- Associated Press - Friday, May 1, 2015

BUCKEYE LAKE, Ohio (AP) - The director of the Ohio Department of Natural Resources indicates construction on a new dam could start in summer 2016 as the state tries to expedite work at Buckeye Lake, where the existing embankment has deteriorated.

Director Jim Zehringer outlined that accelerated timeline Thursday in a meeting with members of the Ohio House Buckeye Lake Caucus. He said the engineering and design contractor could be picked this summer, and design could be finished by next spring.

“We’re going to get it done as quickly as possible,” Zehringer said, according to The (Newark) Advocate.

For now, officials are keeping the water low to decrease the risk of the dam failing, though the level could rise if the area gets prolonged rains.

They’re also dredging the lake to create paths for boaters to use, which has led to a new hurdle: The department is running out of places to put the material dredged from the lake bottom, Zehringer said.

Meanwhile, lawmakers and locals continue to raise concerns about residents’ safety, their property and the likelihood of a breach.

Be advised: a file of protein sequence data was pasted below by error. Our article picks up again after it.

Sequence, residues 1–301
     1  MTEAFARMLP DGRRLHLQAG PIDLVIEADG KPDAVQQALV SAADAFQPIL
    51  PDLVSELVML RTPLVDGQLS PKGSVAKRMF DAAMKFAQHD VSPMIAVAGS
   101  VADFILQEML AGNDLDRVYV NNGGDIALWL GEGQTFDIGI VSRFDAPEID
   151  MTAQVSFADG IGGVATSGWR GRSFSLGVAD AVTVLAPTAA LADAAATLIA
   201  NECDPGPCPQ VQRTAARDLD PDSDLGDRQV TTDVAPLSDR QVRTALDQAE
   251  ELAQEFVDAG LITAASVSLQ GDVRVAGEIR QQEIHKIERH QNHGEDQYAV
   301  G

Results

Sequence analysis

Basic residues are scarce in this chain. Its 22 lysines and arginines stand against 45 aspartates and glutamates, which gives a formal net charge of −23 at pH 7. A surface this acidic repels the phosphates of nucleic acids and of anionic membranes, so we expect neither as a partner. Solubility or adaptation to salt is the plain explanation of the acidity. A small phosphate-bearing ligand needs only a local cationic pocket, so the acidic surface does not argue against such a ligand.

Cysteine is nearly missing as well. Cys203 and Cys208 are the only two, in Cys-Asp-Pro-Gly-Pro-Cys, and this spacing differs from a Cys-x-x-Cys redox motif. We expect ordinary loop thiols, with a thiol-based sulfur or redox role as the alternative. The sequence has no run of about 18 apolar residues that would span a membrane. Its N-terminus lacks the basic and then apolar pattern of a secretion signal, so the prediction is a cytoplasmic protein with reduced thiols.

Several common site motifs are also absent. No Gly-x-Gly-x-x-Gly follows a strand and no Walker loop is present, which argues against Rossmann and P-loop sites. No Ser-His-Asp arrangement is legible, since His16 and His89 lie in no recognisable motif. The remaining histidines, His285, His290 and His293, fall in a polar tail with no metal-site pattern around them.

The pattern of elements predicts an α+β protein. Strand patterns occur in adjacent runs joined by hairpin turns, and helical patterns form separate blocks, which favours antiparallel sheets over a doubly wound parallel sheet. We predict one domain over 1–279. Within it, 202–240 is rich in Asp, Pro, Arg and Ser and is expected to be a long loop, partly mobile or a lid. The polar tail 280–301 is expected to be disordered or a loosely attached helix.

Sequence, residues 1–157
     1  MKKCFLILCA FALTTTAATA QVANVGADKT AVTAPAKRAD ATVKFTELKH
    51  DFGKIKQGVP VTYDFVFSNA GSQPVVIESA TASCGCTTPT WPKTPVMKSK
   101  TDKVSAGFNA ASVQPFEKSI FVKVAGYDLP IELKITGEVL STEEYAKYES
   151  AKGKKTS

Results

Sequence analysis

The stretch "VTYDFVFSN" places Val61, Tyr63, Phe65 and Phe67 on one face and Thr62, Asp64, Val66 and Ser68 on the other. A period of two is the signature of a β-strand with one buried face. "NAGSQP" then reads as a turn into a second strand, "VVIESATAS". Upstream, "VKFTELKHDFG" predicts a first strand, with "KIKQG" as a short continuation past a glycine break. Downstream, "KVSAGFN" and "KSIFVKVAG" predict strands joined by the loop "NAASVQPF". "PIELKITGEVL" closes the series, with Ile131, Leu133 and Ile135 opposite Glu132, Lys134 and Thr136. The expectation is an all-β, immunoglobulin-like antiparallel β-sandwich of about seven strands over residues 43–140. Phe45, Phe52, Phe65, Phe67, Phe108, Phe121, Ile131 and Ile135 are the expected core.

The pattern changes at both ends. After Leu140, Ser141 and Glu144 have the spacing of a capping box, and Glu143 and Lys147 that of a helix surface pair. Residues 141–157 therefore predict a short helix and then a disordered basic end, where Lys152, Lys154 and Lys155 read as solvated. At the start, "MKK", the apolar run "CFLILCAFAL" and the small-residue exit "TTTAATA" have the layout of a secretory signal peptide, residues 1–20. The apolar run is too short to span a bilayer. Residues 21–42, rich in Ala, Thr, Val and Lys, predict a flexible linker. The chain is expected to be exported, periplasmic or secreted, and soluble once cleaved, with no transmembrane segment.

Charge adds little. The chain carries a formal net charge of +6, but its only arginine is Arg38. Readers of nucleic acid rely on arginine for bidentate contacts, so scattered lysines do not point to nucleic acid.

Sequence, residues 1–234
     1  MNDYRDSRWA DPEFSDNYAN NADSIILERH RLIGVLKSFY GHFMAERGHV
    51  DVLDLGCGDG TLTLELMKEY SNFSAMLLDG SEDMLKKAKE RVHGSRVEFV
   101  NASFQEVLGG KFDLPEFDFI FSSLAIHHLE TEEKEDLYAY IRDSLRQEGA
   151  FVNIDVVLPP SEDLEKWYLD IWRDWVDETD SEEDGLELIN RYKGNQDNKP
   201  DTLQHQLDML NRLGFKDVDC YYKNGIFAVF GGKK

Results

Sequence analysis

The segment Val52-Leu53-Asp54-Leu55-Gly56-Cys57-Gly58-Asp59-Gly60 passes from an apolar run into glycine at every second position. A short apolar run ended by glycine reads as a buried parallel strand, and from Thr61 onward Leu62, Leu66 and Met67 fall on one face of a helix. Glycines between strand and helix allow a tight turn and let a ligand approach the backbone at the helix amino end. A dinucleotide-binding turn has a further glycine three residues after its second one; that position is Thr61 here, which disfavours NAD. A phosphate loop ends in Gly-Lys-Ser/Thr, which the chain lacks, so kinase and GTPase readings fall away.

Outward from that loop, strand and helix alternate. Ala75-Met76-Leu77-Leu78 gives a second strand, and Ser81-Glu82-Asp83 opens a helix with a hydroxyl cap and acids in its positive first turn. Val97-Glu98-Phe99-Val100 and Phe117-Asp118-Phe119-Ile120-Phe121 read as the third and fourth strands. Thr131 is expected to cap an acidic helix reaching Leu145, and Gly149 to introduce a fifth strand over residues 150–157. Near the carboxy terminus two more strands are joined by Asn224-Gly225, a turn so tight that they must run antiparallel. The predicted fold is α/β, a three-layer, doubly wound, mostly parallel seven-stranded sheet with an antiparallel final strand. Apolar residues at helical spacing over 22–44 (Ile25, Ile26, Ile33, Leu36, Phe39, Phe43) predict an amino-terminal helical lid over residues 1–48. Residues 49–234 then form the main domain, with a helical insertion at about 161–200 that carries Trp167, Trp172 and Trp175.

Zehringer told them he doesn’t think the dam is likely to fail if the water remains low, though he indicated he’s wary, The Columbus Dispatch reported.

“I drove around Buckeye Lake yesterday, and I would not be living there, I’ve got to be honest with you,” Zehringer said.

A report earlier this year by the U.S. Army Corps of Engineers traced the dam’s unusual problems to 1895, when the state sold parts of the embankment for private use. About 370 homes have been built into it, along with docks, patios, flower beds and other modifications that weaken the structure.

After receiving that report, the state lowered the lake’s water level with such little notice that some area residents’ boats have been stranded on lifts, docks or mud, Republican state Sen. Tim Schaffer of nearby Lancaster told Zehringer.

Schaffer says they’re “afraid and upset that their investments are going to disintegrate before their eyes,” the Dispatch reported.

Zehringer told him the state will try to help them once shallower areas dry, but he didn’t make any specific promises.

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